I have looked up the '~ないことはない' grammar and it says it means either 'can' or 'is not impossible to' Link to grammar site. I see that it's a double negative.

However, I have this sentence that I've had trouble fitting it to.

まあ アイデア出した俺にも責任はないことはないか

I understand the parts. He came up with the idea, and he feels ... that he 'can' be responsible? In English, it seems like it might be 'should' be responsible, or at least 'it's not the case that I shouldn't be responsible'. But then 'nai koto ha nai' starts to become 'isn't the case that', and that starts to feel more like 'wake ja nai'. I suppose the first step would be to have a good translation of this line, which I don't have.

So, in short, I'm having trouble understanding this question. And if it does translate to 'isn't the case that', then I would appreciate someone explaining the main differences between 'nai koto ha nai' and 'wake ja nai'.


2 Answers 2


'~ないことはない' is a kind of softener which indicates that the speaker believes something has a lower probability of possibility or a smaller degree than in other phrases like たぶん or かもしれない, for example.

With ~ないことはない, the first ない is softened by the second ない. So 責任はないこと ('I have no responsibility') is softened with the additional ない (literally 'it's not that I have no responsibility'). This produces a phrase where the speaker is still expressing low probability but is also admitting that it isn't out of the question or might be partly true at least. More context on what the speaker is talking about in your examples would be helpful, but anyway I would translate it as something like this (depending on the context):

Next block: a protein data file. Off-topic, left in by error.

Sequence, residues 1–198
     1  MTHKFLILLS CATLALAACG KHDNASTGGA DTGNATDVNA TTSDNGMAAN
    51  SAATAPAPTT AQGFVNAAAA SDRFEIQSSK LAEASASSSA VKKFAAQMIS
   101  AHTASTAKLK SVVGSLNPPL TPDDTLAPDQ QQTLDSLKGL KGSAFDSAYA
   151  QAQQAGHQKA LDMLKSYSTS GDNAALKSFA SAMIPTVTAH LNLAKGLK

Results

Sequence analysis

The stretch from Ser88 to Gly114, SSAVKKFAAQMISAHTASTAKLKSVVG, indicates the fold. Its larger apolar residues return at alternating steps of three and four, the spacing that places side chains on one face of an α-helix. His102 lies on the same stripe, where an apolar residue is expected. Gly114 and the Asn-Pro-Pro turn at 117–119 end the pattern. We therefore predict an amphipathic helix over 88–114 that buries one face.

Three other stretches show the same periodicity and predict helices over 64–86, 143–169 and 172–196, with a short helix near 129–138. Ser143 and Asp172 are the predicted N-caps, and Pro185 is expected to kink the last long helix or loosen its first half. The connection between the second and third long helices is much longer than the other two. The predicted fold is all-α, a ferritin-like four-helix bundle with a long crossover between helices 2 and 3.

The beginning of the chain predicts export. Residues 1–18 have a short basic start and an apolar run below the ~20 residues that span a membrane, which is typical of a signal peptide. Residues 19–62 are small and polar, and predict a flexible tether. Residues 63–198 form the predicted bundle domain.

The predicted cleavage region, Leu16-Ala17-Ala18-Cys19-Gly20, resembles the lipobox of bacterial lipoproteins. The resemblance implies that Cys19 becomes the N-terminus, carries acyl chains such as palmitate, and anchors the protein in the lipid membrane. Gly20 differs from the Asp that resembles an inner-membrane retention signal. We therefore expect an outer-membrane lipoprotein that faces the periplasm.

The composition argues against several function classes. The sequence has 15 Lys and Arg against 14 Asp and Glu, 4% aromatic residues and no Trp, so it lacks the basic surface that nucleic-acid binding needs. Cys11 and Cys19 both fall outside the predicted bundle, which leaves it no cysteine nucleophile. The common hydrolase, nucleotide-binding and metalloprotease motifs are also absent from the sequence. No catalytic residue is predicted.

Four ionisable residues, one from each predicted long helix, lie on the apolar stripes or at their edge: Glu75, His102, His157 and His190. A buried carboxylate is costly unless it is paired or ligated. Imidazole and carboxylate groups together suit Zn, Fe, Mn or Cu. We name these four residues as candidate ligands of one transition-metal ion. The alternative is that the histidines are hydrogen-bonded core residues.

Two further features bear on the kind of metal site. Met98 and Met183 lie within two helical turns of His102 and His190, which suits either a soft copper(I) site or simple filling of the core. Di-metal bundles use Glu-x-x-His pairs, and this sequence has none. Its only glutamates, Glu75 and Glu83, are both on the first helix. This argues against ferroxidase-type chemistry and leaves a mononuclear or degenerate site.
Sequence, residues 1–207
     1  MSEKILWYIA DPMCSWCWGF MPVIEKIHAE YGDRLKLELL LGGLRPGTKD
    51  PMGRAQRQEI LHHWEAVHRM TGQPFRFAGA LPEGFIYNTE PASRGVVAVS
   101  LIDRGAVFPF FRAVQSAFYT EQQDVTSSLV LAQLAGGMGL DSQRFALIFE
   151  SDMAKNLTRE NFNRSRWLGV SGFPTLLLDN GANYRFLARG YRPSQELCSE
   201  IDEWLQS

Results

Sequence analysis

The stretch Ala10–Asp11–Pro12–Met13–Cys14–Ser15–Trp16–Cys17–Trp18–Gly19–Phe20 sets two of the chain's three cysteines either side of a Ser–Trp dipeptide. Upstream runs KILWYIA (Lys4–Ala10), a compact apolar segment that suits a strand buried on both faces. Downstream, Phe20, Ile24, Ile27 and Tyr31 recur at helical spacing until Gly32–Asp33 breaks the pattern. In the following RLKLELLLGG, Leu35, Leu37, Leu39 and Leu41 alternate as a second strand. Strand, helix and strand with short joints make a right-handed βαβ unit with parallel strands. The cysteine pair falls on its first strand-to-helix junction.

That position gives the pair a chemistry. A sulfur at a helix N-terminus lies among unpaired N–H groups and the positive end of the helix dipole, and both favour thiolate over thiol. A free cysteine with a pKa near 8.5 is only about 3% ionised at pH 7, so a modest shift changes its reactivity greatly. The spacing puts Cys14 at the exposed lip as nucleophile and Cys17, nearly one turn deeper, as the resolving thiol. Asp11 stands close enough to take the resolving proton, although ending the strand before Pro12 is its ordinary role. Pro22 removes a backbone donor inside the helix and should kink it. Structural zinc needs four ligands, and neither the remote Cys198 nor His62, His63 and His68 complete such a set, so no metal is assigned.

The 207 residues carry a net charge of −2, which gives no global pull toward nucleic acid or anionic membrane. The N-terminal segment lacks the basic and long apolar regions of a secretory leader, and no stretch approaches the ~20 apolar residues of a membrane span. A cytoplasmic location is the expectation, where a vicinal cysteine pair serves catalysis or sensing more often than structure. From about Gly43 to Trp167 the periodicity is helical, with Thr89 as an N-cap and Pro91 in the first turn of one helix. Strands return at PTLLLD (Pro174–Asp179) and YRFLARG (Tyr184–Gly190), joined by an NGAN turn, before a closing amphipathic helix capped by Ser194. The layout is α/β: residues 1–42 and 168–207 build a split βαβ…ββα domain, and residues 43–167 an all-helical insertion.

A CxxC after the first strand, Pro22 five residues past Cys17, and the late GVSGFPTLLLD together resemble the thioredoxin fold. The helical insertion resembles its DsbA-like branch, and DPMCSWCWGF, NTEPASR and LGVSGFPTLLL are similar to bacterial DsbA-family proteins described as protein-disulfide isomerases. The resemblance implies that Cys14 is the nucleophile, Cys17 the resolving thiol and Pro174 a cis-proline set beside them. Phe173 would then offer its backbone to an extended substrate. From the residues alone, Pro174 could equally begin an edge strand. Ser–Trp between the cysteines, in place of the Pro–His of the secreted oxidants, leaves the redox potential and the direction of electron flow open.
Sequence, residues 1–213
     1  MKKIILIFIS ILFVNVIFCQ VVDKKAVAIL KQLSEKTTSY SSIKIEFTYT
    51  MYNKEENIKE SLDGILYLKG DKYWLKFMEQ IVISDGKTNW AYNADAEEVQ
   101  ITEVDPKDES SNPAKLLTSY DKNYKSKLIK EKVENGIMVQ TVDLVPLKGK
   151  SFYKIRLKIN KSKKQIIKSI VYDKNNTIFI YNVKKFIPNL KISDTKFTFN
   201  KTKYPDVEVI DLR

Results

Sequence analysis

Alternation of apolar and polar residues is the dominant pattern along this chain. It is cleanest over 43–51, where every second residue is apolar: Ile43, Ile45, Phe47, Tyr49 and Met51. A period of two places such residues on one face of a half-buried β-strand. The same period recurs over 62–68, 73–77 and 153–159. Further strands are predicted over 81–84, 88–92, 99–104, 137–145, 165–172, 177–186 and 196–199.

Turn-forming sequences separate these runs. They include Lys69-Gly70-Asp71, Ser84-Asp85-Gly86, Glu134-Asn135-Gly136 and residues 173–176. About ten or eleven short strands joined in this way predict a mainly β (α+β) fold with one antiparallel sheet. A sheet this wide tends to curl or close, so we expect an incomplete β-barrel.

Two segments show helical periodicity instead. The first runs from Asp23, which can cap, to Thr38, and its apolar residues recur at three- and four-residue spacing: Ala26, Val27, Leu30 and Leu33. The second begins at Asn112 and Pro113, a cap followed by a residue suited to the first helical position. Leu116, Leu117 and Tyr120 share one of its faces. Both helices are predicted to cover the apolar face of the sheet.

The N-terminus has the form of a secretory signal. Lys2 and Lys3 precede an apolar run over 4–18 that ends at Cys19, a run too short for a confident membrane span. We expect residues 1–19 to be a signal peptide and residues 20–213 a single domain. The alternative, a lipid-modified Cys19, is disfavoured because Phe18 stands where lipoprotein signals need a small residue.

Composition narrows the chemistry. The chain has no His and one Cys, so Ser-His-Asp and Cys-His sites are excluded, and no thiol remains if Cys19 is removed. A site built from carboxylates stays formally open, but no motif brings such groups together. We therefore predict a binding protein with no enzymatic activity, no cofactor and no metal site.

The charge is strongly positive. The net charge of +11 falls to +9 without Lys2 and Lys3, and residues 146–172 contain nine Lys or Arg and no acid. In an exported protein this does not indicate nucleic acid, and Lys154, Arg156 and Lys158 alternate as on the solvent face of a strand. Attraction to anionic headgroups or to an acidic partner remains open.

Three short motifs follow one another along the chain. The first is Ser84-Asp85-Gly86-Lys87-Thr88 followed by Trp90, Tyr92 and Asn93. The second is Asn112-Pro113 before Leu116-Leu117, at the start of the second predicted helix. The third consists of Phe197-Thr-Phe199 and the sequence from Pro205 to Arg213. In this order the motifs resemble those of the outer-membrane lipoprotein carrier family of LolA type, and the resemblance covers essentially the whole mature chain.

I guess I'm the one who suggested the idea, so I suppose it could partly be my fault too.  

He's allowing for the possibility that he is responsible, but is also distancing himself from it somewhat by using ~ないことはない to reduce the degree of responsibility that can be assigned to him.


ないことはない is definitely putting some distance between the cause/effect, or the possibility of something happening. It's similar to "(You) can't say it will never happen, but..." or "It's not impossible that..."

I would say that the use of this phrase in this case can be shown in the difference between these two English sentences.

Because I mentioned the idea, it's my responsibility. vs. Because I mentioned the idea, I can't say I bear no responsibility.

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